10 Mile Races

I'm a race organiser and I was just looking for some advice regarding 10 mile races.  The Great South Run stands out as the largest 10 miler in the country but beyond that there doesn't appear to be many 'big' 10 mile races in terms of the number of entrants or the scale of the events.  Beyond the most popular races, e.g. London Marathon, half marathons and marathons can reguarly attract 10,000+ runners.

I'm just seeking peoples opinions as to whether they think this is because there is less demand for the distance, or is it the case that there aren't enough large scale 10 mile races being organised?  Any feedback on your experiences with 10 mile races would be gratefully received?



  • MillsyMillsy ✭✭✭
    I only do small scale 10 milers. The ones with huge numbers put me off. Did the great south run 3 years ago and never again. The start was so crowded I couldn't get up to race pace until after 2 miles due to so many people starting off in the wrong pens. If you can solve these issues you may get more serious runners taking part.

    I also think that a lot of the charity joggers like to do an event with the word "Marathon" or "great" in the title as it may help with their sponsorship attempts.
  • I personally love 10 milers, you just don't see that many advertised.  I love them as they are a nice step up between the 10k and half, so I have used them when I have been taking newer runners up to their 1st halfs.  Maybe its a timing thing with them?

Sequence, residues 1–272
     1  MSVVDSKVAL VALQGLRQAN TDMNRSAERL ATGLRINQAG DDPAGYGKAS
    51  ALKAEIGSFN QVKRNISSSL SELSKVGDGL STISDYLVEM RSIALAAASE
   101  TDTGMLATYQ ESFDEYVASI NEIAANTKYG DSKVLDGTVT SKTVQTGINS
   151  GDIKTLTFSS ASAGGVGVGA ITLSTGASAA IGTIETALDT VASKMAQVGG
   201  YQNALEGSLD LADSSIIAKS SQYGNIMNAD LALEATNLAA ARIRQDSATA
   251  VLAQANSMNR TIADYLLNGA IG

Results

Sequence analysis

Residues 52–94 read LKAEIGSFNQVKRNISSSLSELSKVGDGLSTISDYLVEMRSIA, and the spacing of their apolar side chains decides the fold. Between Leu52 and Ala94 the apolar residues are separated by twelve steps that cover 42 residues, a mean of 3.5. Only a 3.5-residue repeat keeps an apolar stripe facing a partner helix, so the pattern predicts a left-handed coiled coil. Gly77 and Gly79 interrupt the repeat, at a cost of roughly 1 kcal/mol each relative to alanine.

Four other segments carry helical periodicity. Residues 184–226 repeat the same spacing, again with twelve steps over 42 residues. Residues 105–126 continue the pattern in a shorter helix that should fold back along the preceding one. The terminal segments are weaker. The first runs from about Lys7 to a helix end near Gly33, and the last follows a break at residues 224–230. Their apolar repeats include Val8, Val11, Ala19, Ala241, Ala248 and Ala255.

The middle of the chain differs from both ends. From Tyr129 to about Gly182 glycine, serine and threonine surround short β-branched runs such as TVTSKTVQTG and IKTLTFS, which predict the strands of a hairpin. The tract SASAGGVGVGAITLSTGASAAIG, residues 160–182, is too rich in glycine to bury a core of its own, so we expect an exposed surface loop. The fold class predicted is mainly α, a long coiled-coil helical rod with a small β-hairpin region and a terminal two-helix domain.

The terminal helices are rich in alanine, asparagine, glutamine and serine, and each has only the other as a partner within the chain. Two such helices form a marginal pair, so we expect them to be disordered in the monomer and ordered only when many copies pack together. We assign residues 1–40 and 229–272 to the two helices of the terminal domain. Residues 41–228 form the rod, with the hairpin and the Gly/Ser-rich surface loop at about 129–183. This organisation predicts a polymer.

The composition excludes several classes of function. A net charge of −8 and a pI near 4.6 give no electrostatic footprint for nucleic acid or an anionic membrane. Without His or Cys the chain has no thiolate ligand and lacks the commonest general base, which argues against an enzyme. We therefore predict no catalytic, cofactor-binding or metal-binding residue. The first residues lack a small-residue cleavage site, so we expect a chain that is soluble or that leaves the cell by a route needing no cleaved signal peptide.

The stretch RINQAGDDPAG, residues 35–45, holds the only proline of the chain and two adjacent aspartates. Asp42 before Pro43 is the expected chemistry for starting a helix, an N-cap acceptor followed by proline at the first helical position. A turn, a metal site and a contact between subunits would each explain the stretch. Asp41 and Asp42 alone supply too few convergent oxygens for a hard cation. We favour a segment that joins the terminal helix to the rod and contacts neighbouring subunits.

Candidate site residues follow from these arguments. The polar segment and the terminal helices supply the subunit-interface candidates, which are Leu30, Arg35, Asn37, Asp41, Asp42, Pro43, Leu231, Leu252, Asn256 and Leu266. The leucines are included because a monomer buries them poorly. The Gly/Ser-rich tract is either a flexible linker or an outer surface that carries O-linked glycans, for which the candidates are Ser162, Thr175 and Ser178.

• It's an excellent distance. i do the Templeton 10 (near dundee) every year and it's a great event. who can say why they have less allure/demand? i guess the word marathon (half or full) has a lot of a attraction for those seeking a challenge. 10ks are catchy? i dunno.

    all i know is that i like ten mile races.

  • Nick, 5k, 10k, half and marathon seem the most often raced distances, but 5mile and 10mile do have that certain factor of being a lot more rare, so usually attract good calibre fields anyway.

    The south east has Maidenhead and Cabbage Patch. Both have fields that aren't particularly high, say between 1,000-2000, but the quality of runner is always high. (international level runners winning it)


    If you don't have any other 10miler within say 50miles, and you pick the right time of year, I'm sure you can have a great niche to bring the runners in.

    Where are you based?